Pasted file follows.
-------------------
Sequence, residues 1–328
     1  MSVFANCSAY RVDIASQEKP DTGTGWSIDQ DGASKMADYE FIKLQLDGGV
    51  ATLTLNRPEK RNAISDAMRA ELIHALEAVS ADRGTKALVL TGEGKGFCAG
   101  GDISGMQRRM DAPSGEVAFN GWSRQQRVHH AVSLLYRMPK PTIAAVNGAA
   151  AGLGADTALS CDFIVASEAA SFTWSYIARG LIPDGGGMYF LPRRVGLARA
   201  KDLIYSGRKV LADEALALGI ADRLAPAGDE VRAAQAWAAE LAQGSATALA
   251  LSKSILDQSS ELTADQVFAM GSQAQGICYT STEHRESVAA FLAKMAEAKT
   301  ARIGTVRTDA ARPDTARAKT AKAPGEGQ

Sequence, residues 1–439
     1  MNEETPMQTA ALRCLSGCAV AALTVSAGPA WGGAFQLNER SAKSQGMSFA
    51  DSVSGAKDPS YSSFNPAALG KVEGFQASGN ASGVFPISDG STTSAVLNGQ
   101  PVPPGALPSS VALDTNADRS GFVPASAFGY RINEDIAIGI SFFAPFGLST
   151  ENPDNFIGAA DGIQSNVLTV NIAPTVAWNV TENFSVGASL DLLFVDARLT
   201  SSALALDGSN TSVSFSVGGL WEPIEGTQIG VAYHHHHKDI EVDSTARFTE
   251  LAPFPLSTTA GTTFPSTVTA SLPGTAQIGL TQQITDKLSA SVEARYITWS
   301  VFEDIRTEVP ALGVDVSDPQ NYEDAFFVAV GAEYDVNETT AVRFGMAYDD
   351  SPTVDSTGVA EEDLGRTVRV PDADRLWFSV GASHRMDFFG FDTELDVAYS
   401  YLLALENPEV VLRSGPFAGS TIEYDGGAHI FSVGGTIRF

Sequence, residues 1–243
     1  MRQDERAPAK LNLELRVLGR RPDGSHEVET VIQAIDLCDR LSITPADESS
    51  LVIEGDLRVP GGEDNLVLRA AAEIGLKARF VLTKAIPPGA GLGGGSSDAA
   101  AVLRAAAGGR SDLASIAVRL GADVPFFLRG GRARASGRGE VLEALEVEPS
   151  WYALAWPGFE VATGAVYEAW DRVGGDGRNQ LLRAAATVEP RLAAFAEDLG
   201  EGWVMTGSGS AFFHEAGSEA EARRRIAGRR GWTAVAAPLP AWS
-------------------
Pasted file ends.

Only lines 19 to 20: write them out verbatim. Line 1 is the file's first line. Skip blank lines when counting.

Sequence, residues 1–243
     1  MRQDERAPAK LNLELRVLGR RPDGSHEVET VIQAIDLCDR LSITPADESS